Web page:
(The freshly expressed juice of the plant at the time of the commencement of flowering mixed with equal parts of spirits of wine.)
Although the following symptoms do not express the whole significance of this most valuable plant, still they reveal to the thoughtful homoeopathic physician a prospect of relieving morbid conditions in which traditional medicine has hitherto employed its most dangerous methods, e. g. copious blood-letting and all its complex would-be antiphlogistic treatments, often ineffectually, and almost always with disastrous consequences. I allude to the so-called pure inflammatory fevers in which the smallest dose of aconite enables us to dispense with all the traditional antipathic treatments, and relieves rapidly and without evil effects. In measles, in purpura miliaris, and in the acute pleuritic fevers, &c., its curative power is marvellous, when, the patient being kept rather cool, it is given alone, all other medicinal substances, even vegetable acids, being avoided, in the dose of a thousandth part (That is, a small globule the size of a poppy-seed moistened with it, of which more than a thousand are moistened by one drop of spirits of wine, and which are so small that 300 of them weigh only one grain.) of a drop of the decillionth development of power. It is seldom that a second similar dose is required thirty-six or forty-eight hours after the first.
But in order to remove from out conscientious treatment all that routine practice which is only too apt to regulate its treatment in accordance with delusive names of diseases, it is indispensable that, in all morbid conditions in which aconite is given, the chief symptoms of the malady, therefore also of the acute disease, should be found accurately reproduced among the symptoms of aconite.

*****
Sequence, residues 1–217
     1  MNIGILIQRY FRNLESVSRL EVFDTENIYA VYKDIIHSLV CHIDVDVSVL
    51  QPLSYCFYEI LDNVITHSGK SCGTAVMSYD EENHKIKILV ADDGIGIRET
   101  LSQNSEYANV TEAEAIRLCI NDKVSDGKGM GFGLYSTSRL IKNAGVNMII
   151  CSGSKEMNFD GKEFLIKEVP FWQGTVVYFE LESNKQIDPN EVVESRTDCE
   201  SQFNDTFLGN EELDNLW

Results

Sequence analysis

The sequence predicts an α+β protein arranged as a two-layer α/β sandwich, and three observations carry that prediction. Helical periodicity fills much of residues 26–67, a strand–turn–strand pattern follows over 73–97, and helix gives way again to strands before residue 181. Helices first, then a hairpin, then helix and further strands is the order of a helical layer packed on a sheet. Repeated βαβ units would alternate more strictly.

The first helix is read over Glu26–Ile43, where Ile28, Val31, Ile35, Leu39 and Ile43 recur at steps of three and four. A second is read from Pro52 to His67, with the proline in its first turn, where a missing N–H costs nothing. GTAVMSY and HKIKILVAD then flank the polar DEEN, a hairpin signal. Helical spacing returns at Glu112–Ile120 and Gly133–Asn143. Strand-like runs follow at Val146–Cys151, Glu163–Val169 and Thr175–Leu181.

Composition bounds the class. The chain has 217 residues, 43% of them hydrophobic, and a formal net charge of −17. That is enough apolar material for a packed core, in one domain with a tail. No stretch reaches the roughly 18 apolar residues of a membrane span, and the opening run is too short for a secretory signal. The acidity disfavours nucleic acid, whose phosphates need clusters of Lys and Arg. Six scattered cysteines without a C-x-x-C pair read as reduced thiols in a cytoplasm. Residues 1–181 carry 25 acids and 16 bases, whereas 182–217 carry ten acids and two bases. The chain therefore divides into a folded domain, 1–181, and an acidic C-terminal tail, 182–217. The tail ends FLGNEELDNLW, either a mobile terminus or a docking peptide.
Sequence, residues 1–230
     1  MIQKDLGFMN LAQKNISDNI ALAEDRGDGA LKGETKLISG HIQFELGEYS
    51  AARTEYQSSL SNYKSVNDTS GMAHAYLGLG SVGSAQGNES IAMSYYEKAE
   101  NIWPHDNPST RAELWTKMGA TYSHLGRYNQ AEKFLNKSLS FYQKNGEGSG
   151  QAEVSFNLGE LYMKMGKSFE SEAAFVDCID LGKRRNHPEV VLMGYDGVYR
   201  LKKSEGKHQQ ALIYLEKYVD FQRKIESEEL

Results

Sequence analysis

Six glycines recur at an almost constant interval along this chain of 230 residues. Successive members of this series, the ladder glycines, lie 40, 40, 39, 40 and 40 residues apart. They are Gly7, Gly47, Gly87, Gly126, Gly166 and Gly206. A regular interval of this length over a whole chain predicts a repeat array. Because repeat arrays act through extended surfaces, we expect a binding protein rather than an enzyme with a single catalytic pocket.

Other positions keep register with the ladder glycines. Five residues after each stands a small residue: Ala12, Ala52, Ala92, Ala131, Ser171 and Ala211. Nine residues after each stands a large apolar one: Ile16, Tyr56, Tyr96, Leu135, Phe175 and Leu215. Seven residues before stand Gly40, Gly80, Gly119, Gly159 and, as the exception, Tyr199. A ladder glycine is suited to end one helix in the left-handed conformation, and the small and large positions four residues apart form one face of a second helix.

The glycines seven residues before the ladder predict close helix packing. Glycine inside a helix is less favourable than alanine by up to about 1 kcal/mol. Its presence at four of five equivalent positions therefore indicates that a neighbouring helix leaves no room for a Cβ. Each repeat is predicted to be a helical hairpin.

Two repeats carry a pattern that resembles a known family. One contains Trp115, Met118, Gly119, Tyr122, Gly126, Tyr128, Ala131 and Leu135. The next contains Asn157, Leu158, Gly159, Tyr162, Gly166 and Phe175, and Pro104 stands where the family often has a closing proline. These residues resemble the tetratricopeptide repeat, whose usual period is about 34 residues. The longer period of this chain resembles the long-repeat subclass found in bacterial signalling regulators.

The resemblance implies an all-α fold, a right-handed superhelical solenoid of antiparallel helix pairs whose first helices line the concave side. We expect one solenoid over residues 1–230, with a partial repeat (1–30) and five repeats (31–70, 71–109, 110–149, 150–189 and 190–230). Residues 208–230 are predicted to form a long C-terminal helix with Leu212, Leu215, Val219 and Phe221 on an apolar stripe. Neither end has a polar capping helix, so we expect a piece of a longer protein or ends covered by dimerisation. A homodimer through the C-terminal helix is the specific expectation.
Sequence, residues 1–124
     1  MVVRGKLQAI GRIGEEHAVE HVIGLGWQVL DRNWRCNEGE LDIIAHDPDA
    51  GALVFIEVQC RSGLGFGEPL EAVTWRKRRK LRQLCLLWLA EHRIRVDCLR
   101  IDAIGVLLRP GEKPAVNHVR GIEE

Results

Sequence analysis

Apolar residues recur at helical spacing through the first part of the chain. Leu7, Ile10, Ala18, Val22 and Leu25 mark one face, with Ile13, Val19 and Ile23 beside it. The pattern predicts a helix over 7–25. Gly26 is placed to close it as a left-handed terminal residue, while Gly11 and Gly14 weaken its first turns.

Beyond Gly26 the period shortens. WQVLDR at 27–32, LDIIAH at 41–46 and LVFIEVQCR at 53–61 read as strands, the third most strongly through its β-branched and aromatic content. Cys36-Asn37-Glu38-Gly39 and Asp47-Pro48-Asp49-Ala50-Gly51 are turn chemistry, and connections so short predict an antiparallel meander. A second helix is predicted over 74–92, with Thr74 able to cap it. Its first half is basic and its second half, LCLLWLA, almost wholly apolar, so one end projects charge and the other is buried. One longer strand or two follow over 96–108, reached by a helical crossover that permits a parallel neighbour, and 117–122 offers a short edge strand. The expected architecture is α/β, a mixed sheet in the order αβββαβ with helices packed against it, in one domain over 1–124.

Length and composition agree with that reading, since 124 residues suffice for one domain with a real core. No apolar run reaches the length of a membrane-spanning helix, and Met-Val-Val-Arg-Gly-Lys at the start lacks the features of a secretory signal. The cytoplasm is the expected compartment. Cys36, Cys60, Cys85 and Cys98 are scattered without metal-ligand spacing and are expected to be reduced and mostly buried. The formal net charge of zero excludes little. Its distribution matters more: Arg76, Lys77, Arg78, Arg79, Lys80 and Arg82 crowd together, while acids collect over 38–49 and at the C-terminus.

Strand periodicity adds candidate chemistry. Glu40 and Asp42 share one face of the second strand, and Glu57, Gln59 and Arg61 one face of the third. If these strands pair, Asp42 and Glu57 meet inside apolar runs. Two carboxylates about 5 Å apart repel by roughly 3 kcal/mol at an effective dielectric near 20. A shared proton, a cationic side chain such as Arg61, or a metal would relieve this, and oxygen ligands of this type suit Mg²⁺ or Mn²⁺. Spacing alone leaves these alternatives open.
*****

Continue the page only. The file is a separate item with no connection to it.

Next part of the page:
The effect is then astonishing.
It is precisely in the great acute inflammatory fevers in which allopathy chiefly plumes itself as alone able to save life by means of bold, frequent venesections, and imagines that here it is superior in curative efficacy to all homoeopathic treatment-it is precisely here that it is most mistaken. It is precisely here that the infinite superiority of homoeopathy is manifest, that it needs not to shed a single drop of blood, that precious vital fluid (which the allopath recklessly draws off in streams, to the often irremediable disadvantage of the patient), in order to transform this dangerous fever into health in as many hours as the allopathic vitality-diminishing treatment often requires months for the perfect restoration of those who are not carried off during the process by death, or, at all events, in the chronic after-affections artificially caused by the means employed.
In these acute cases of disease sometimes a homoeopathic intermediate remedy is required for the morbid symptoms remaining after twelve or sixteen hours’ action of the first dose of aconite; but it is very rarely that a second dose of aconite is needed after this intermediate remedy.
By means of aconite carefully administered in this way in a disease of the above mentioned character all danger is removed even in four hours, and the excited circulation resumes its tranquil vital course from hour to hour.